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Morrison: 'It's a disgrace. It's 60s and 70s stuff, going back to the dinosaur years'

The former Ireland international has voiced his opinion on recent acts of racism in the Premier League.

Clinton Morrison celebrates scoring for Ireland in 2003.
Clinton Morrison celebrates scoring for Ireland in 2003.
Image: ©INPHO

FORMER IRELAND INTERNATIONAL Clinton Morrison has voiced his opinion on recent acts of alleged racial abuse in the Premier League, saying that “it’s a disgrace”.

Morrison, who earned 36 caps for the Boys In Green and travelled to the 2002 World Cup, says that he fears the progress made is slipping after two incidents in the space of a week.

Investigations into allegations of racial abuse towards Manchester City star Raheem Sterling continue after he was subjected to verbal taunts from a group of Chelsea fans at Stamford Bridge on Saturday.

Elsewhere, a Tottenham fan was arrested after he threw a banana skin at Arsenal striker Pierre-Emerick Aubameyang during last week’s North London derby as the player celebrated a goal.

“It’s a disgrace,” ex-Crystal Palace striker Morrison told RTÉ 2fm’s Game On. 

“The thing is it’s happening too often in English football at the moment.

“Aubameyang… the guy said he didn’t realise when he threw the banana what the implications were going to be. If you throw a banana at a black person, you know what’s going to happen. That is 60s and 70s (stuff), it’s like we’re going back to the dinosaur years.

“I thought it was starting to change and evolve but the scenes were disgusting. But fair play to Raheem Sterling, he’s dealt with it really well.

“The press in England give him some terrible stick for no reason. He could be in a pound shop or flying Ryanair but because he’s on whatever money a week they think he should be in bigger shops and flying first-class everywhere he goes… He’s just trying to be a normal person. He’s handled the situation really well.”

Chelsea FC suspended four supporters yesterday as investigations continue, while Sterling himself posted a message on Instagram on Sunday morning, adding that newspapers “help fuel racism.”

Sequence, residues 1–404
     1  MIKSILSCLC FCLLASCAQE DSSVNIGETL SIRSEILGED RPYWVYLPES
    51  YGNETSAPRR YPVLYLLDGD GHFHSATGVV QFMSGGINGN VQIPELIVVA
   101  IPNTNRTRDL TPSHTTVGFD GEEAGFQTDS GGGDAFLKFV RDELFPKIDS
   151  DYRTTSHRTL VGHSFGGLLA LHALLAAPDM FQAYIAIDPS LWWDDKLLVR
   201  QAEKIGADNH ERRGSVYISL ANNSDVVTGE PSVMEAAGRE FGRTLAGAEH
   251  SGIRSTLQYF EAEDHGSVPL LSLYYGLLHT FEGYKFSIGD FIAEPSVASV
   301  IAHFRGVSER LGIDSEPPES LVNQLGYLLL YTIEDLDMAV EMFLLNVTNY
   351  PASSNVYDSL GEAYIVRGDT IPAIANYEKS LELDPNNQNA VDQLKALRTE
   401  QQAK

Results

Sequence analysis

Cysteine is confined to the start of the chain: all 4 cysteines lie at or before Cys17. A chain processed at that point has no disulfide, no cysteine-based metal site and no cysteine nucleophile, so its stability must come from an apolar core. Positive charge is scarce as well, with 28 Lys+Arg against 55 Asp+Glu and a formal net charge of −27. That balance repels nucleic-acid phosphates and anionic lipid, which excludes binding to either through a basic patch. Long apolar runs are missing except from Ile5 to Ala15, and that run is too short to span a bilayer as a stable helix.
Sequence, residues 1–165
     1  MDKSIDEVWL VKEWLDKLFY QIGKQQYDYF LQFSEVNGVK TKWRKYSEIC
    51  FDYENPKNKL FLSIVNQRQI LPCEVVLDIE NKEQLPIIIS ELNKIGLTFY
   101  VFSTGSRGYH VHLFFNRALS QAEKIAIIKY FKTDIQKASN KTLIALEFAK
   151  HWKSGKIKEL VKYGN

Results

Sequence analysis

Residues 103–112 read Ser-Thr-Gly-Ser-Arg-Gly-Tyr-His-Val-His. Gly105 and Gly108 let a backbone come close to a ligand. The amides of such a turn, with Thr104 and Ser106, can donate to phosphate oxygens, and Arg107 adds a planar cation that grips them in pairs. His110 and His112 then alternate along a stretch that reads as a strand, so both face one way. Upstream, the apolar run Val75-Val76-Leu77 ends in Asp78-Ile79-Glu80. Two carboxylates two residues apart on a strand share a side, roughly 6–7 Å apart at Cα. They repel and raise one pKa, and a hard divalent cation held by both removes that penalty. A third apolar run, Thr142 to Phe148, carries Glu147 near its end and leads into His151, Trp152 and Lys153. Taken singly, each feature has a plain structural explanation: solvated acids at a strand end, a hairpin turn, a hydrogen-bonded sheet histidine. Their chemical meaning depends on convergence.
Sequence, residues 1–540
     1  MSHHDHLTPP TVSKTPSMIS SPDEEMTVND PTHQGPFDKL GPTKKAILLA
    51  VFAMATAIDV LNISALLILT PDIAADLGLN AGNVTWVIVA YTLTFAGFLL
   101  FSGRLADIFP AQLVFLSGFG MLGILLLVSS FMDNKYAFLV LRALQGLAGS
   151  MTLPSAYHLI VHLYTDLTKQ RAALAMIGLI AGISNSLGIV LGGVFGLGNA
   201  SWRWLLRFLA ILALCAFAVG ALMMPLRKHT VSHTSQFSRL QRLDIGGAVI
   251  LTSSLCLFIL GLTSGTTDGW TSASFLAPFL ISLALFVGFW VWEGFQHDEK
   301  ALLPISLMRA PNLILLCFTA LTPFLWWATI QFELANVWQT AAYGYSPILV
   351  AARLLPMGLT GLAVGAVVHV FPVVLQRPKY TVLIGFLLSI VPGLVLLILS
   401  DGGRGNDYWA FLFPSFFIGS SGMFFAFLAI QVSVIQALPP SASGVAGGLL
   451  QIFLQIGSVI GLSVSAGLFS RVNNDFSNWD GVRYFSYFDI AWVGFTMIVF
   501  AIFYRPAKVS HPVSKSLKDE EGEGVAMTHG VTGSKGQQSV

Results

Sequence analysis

sterling Raheem Sterling's Instagram post. Source: Raheem Sterling/Instagram.

While praising Sterling’s response, Morrison delved deeper into his own career, opening up on personal experiences, both at club level in England and while lining out for Ireland.

“When I was playing we used to get it every week at Millwall. We didn’t even want to go down the touchline and chase the ball the fans were so bad. 

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“I chose to play for Ireland. Being a black man that was born in England, I knew for a fact when I went to Ireland they could either love me or I could get a bit of stick. I can understand that over there, a black man playing for Ireland is totally different.

“But nine times out of 10 I’d say, the majority of people in Ireland were all brilliant to me.

“The only time I got racially abused was playing for Ireland in Russia. I knew straight away when I got out there I was going to get stick.

“But the best thing I did was put the ball in the back of the net. It probably made them (the Russian fans) do it even more.”

He added: “I would deal with it how Raheem Sterling would deal with it, just ignore them and carry on doing my business on the pitch because those small-minded people are not going to get the better of me.

“Something has to be done, it’s starting to get worse over here. Ban these fans when they do it for life. It is a disgrace. Everyone has to move on and stick together. It’s got to change, it’s not good enough.”

You can listen to the interview in full here:

Source: RTÉ2fm/SoundCloud

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Emma Duffy

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